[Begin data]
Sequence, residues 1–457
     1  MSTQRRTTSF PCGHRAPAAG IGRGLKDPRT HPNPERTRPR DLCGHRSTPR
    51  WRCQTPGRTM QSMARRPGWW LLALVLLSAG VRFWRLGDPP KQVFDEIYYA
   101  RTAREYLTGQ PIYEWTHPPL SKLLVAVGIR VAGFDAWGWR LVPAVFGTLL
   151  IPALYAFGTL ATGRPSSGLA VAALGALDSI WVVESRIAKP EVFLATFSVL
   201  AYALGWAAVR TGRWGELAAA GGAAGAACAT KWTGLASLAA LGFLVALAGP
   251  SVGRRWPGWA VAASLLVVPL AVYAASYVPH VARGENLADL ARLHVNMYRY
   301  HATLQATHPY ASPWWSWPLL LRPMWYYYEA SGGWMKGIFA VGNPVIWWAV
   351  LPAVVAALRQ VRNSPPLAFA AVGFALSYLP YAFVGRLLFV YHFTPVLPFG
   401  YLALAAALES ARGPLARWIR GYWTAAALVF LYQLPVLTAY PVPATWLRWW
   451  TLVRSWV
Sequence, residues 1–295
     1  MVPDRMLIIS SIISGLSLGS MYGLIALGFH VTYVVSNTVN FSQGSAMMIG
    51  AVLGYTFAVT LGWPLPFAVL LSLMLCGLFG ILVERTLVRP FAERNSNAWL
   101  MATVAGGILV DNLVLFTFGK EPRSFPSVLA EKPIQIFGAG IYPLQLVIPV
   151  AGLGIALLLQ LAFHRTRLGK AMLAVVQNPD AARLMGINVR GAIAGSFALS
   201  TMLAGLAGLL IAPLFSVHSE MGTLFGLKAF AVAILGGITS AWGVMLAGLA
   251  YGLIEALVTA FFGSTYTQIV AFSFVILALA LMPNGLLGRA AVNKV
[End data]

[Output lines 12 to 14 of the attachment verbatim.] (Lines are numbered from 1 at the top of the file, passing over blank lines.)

Sequence, residues 1–295
     1  MVPDRMLIIS SIISGLSLGS MYGLIALGFH VTYVVSNTVN FSQGSAMMIG
    51  AVLGYTFAVT LGWPLPFAVL LSLMLCGLFG ILVERTLVRP FAERNSNAWL